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1st Regiment of the Krechowiecki Lancersolish


of the Polish  2nd Corps


In November 1941, General Anders entrusted Major Zaorski with the mission of organizing the 1st Cavalry Unit from the Lancers, members of various former Polish cavalry regiments. It was the first step on the way to recreating the 1st Regiment of the Krechowiecki Lancers.

In February 1942, our Regiment was transferred south to Otaru in Uzbekistan. One of the most important tasks facing the Regiment was to rebuild the honorable cavalry tradition. I was directly involved in this task as an educational officer of the forming Regiment. In Tock, I received from Major Zaorski the book "History of the 1st Regiment of Krechowiec Lancers" with the words: "Your task is to implement the tradition of the 1st Regiment”.

The Krechowiecki Lancers Regiment in the USSR provided help to Polish civilians, exiles following the Army from the farthest parts of Soviet Russia. This was another link in the noble tradition of the Krechowiaks, because this task was not part of the official duties of a military unit.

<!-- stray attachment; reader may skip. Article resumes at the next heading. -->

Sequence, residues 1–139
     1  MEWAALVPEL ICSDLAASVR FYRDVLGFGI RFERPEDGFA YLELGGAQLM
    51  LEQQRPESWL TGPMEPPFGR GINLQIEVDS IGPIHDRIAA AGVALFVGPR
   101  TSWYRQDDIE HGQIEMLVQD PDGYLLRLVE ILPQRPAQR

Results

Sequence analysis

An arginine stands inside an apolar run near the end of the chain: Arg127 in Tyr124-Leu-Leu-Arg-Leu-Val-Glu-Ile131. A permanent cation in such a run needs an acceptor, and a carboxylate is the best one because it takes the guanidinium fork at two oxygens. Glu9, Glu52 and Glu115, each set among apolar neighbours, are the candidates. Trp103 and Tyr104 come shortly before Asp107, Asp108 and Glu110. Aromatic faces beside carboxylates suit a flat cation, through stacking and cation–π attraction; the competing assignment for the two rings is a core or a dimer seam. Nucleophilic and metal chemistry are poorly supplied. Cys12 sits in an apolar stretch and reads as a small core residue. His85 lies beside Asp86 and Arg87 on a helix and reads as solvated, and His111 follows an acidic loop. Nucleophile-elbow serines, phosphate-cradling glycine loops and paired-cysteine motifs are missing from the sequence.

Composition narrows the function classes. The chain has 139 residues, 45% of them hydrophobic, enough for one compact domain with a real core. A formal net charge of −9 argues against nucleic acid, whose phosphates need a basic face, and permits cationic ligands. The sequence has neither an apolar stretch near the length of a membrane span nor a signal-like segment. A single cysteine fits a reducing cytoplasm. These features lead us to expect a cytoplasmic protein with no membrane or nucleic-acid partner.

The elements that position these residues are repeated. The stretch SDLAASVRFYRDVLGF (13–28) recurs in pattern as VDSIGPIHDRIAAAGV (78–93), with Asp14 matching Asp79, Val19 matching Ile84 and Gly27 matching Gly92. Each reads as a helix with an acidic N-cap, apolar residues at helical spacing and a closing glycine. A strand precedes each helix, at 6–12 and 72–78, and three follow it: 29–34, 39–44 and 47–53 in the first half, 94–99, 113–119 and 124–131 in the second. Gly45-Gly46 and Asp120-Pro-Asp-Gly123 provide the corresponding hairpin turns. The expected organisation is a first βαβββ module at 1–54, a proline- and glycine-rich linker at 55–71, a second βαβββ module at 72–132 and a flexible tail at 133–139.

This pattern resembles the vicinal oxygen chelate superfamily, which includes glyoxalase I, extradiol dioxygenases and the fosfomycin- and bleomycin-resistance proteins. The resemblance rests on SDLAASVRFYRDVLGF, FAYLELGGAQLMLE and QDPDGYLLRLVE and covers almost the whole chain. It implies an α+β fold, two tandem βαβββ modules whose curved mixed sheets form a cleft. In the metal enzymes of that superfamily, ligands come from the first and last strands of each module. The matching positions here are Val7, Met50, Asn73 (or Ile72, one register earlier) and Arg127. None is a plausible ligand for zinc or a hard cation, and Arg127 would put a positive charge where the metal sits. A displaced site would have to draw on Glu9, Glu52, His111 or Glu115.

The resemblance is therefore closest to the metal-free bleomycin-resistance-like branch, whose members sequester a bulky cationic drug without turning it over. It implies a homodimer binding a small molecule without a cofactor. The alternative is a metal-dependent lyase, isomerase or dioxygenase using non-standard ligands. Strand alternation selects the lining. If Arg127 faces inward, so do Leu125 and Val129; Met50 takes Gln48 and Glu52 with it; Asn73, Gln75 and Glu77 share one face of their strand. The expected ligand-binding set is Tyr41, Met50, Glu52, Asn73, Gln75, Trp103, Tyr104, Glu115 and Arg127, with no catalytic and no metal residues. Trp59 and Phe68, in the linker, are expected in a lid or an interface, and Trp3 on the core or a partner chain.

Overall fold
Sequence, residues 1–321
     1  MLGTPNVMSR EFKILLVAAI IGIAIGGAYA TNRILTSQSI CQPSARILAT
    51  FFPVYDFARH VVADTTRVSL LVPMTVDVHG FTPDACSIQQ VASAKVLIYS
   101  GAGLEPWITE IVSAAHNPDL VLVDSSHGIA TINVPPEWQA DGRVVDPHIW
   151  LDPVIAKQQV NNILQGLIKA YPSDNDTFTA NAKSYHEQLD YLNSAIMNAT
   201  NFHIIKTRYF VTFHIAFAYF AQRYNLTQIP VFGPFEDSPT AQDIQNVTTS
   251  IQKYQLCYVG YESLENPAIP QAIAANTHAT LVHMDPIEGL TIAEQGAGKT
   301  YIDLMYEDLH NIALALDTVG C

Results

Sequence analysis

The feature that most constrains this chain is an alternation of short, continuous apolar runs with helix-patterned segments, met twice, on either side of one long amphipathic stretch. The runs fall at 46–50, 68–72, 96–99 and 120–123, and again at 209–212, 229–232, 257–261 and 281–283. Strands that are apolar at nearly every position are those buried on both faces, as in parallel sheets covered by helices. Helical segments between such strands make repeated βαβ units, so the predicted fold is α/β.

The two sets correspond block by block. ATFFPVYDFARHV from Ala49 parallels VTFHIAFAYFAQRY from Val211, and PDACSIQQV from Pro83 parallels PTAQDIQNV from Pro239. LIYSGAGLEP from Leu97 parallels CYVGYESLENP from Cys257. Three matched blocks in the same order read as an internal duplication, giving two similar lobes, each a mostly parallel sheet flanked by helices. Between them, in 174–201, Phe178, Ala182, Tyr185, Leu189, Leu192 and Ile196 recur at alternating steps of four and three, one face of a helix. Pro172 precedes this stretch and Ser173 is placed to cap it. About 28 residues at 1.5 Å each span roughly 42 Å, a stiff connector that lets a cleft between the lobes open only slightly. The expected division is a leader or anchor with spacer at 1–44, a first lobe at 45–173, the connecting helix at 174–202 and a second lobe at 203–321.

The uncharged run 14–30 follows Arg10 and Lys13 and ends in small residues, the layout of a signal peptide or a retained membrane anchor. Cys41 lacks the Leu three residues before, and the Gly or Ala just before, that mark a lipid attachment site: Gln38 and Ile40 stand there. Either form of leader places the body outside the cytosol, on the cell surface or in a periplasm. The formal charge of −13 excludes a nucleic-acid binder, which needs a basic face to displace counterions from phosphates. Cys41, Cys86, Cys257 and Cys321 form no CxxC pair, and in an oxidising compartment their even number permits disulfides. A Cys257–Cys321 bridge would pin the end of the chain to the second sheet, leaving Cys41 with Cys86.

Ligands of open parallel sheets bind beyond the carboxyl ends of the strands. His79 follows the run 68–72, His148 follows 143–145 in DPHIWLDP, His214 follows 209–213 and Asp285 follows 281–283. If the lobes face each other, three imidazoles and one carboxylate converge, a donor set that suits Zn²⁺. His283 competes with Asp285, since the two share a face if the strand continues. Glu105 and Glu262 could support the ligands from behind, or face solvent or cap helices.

On 25 March 1942, our 1st Regiment of Krechowiec Lancers left Otar and, on General Anders’ orders, we left Russia.

46 officers and 1,249 non-commissioned officers and lancers left Russia in the first transport. In addition to soldiers, 68 civilians were also taken, a total of 1,363 people. The evacuation route led through Chu-Lugovoye, Jambul, Arys, Tashkent, Samarkand, Bukhara, and across the Amu Darya River. Palm Sunday, 29 March 1942, we celebrated on the train. The transport arrived in Krasnowodsk on 30 March. We continued our journey by ship, a 14-thousander. About 5,000 people were loaded on board. A gale storm arose, so that it was not until the afternoon of 31 March that the ship unmoored and set off across the Caspian Sea towards Pahlevi, Persia (present-day Iran).